4 Take a long piece of light colored string and any circular object Your object

4 take a long piece of light colored string and any

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4. Take a long piece of light-colored string and any circular object. Your object should be at least a few centimeters across. A diameter of a circle is any line segment stretched all the way across the circle that passes through the center of the circle. Use the string to carefully measure out and cut a diameter of your circle. Fold the diameter in half. With a dry erase or permanent marker, use the folded diameter to mark out eight or so radiuses (not diameters) along your remaining string. (Some people say “radii” instead of “radiuses.” Either one is fine.) Measure the number of radiuses that fit around your circle by wrapping the string around it and counting. Compare your number of radiuses with the results of your classmates. If you were very careful in the previous problem, you probably got something like 6 radiuses, plus a little bit. If you were to repeat this activity, but had a very smooth circle, a very accurate ruler, a string that doesn’t stretch, and a very large supply of patience and luck, you might get a value somewhere close to 6.28 radiuses. If you tried this with a bigger circle or a smaller circle, it wouldn’t make a difference. You’d always get the same number: about 6.28. For historical reasons, people usually talk about half of this number. Do you recognize it?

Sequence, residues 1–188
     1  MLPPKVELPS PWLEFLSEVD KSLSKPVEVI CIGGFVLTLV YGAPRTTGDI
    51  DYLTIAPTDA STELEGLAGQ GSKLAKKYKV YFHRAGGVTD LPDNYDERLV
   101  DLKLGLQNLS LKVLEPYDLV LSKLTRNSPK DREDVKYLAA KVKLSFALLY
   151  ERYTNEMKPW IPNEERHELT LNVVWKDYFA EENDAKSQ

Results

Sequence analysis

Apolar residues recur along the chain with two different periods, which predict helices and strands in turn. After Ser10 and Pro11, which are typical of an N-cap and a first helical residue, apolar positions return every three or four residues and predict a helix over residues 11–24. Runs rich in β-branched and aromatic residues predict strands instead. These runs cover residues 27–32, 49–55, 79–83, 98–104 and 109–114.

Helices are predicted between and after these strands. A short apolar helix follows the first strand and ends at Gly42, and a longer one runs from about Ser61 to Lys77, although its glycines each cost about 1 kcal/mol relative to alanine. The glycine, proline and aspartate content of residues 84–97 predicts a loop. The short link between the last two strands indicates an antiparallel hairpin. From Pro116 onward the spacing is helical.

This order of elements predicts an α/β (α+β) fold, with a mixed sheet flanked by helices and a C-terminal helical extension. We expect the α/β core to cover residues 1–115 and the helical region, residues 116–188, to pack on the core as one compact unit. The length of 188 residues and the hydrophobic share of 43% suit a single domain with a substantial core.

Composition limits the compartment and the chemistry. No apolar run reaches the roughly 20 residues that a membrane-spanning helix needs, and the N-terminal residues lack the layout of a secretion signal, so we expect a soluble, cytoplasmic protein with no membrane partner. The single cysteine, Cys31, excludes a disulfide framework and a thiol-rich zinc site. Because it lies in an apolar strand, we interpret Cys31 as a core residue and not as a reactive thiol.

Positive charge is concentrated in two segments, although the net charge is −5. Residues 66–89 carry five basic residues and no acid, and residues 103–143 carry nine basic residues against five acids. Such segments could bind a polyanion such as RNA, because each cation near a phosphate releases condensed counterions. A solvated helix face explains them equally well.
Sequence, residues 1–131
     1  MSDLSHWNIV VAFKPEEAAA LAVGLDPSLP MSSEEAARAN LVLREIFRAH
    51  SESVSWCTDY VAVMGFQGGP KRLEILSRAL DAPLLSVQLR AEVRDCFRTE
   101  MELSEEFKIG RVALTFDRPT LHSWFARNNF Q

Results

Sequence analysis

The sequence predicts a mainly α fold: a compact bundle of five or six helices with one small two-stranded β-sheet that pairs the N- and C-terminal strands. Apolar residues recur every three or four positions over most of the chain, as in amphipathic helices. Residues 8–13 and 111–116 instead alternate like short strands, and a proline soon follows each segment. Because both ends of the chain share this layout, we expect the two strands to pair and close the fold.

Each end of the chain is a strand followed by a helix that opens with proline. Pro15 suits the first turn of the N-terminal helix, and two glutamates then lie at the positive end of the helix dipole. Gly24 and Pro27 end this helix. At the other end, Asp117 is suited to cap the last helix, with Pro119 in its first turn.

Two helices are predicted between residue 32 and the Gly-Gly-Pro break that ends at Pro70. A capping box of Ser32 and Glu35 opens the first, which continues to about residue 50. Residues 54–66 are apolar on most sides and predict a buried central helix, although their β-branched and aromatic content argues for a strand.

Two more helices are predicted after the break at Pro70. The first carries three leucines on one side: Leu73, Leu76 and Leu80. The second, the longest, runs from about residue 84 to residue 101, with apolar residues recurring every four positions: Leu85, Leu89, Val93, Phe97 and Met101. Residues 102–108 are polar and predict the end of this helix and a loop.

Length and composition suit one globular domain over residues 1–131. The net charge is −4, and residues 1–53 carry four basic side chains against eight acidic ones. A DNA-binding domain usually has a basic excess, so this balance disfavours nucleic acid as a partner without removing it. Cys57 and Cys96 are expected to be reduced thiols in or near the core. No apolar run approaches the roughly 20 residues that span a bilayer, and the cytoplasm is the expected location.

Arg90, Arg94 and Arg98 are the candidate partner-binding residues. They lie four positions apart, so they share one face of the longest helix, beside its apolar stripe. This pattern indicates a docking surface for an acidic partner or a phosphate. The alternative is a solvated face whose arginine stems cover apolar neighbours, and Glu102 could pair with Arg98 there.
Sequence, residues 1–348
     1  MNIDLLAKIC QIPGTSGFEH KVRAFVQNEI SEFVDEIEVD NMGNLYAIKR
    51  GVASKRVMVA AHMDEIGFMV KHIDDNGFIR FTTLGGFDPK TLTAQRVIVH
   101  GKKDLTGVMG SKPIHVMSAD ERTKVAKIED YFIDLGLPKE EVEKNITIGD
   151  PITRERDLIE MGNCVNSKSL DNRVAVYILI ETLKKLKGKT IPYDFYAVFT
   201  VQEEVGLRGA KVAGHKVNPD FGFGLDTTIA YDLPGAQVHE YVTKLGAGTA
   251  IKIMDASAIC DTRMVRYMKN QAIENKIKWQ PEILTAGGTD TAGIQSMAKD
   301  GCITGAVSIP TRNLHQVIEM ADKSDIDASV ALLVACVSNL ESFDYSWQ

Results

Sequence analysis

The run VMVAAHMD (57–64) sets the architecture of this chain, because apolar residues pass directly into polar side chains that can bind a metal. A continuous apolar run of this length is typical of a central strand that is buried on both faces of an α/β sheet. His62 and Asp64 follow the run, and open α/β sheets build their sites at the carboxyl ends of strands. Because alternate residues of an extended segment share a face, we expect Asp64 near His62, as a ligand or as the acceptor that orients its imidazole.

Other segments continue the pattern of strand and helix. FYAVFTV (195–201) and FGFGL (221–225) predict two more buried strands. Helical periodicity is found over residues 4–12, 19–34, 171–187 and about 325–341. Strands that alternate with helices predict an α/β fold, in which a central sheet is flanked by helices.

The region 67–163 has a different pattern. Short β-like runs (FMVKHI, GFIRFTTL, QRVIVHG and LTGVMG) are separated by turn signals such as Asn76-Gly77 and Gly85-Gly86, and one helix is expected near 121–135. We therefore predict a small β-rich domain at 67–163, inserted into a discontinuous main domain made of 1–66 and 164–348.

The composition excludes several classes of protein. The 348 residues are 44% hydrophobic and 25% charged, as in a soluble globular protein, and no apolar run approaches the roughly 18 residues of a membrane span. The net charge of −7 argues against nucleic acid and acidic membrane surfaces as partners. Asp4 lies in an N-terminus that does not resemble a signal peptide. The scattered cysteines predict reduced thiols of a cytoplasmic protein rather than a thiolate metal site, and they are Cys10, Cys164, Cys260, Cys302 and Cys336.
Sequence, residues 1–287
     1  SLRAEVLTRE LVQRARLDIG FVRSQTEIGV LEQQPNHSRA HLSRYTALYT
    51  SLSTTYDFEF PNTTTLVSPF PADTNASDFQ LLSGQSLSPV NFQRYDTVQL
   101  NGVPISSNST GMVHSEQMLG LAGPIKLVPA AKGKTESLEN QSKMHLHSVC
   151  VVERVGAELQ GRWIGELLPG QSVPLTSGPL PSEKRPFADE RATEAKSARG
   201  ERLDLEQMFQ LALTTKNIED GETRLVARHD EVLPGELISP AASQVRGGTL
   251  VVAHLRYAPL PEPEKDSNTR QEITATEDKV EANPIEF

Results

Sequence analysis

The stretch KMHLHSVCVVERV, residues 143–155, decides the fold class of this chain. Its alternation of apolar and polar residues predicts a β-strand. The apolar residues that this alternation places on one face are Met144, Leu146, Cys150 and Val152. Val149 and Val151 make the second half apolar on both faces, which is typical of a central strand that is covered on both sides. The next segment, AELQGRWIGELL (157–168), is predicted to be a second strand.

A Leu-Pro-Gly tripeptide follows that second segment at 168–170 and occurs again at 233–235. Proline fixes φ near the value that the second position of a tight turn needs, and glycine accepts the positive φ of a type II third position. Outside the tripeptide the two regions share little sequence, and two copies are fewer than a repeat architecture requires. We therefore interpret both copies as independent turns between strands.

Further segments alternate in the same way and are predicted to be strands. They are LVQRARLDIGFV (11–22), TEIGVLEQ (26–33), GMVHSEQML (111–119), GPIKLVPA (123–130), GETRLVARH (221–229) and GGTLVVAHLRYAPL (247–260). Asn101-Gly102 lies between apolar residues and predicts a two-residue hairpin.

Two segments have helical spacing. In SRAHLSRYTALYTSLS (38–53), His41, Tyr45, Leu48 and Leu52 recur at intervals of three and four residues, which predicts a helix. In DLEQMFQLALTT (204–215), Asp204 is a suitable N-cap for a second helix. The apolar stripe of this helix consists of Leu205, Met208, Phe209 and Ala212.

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Journeys in Film : Hidden Figures 8. Out of all the planets that orbit the sun, Venus has an orbit that is closest to a perfect circle. On average, Venus is 0.723 AU from the sun. Venus takes about 225 Earth days to orbit the sun. What is the average speed of Venus in its orbit, in AU per day? In meters per second? 9. Draw a diagram that shows how the inside of a circle can be approximated by a large number of triangles, each with one corner at the center of the circle. If you increase the number of triangles, what happens to the area of each triangle? Does the approximation get better, worse, or stay the same? Why? 10. One way to calculate the area of a circle is to use the formula . Explain why this formula works. 11. Another way to calculate the area of a circle is to use the formula . Explain why this formula works. 12. What is the area enclosed by the orbit of Venus, in square AU? In square meters? (This may seem like a silly thing to calculate, but, as you’ll find out soon, Johannes Kepler figured out that it’s not actually all that silly.) Handout 2 p . 2 Lesson 5 (MATHEMATICS) Problems on Conic Sections 5. Half the number of radiuses around a circle is called by the Greek letter , which has the symbol . It is pronounced “pie” by English speakers, as in pecan pie or apple pie, and is spelled “pi.” Using methods that definitely do not involve string or scissors, many people have calculated to much higher accuracy than 3.14. Look up some of the methods people have used over the years to calculate approximations of . (Just for fun, this site has a million digits of : . The world record for memorizing digits of is over 70,000 digits which took over 17 hours to recite.) 6.
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